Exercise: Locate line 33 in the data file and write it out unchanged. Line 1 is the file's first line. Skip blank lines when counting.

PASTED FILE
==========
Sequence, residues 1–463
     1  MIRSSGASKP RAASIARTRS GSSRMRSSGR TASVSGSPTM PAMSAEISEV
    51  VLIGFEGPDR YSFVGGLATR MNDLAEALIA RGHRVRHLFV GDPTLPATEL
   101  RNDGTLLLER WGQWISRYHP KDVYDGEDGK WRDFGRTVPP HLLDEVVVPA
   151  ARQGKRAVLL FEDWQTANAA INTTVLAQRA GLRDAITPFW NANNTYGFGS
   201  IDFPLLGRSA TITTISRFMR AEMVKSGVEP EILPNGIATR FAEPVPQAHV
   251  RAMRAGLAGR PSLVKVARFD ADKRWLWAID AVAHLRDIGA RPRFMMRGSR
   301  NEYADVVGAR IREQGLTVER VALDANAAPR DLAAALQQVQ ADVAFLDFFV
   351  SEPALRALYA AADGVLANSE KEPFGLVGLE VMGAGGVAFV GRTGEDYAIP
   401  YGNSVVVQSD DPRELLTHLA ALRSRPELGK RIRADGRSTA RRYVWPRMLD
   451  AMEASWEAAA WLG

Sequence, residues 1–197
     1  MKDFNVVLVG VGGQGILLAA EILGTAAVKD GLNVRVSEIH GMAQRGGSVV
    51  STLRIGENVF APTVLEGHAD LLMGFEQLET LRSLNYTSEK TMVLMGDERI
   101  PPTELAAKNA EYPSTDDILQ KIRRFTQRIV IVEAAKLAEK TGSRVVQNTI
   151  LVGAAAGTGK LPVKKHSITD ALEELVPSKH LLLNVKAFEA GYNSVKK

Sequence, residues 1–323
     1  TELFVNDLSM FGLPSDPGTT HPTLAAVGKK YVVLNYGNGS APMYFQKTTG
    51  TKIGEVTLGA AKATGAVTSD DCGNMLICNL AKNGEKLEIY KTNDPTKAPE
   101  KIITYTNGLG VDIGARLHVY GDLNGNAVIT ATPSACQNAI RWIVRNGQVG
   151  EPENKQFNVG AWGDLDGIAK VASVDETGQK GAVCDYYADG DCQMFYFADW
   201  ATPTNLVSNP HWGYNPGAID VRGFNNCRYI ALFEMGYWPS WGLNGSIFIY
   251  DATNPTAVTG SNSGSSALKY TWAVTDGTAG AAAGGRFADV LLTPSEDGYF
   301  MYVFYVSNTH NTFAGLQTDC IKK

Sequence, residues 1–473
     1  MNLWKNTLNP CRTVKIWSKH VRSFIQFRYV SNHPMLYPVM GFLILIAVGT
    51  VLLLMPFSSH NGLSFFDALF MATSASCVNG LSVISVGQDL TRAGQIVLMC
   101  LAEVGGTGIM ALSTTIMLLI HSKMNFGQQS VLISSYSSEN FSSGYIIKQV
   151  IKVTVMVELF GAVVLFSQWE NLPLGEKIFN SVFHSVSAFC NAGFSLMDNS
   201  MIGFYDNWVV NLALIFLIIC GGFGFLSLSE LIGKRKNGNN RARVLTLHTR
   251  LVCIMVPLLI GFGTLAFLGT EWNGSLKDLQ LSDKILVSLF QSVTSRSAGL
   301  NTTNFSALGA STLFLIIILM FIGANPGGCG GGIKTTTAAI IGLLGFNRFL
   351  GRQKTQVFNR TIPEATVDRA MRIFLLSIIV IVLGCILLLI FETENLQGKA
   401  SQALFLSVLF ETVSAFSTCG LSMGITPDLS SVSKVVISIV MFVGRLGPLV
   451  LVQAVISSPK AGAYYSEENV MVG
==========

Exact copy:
   351  GRQKTQVFNR TIPEATVDRA MRIFLLSIIV IVLGCILLLI FETENLQGKA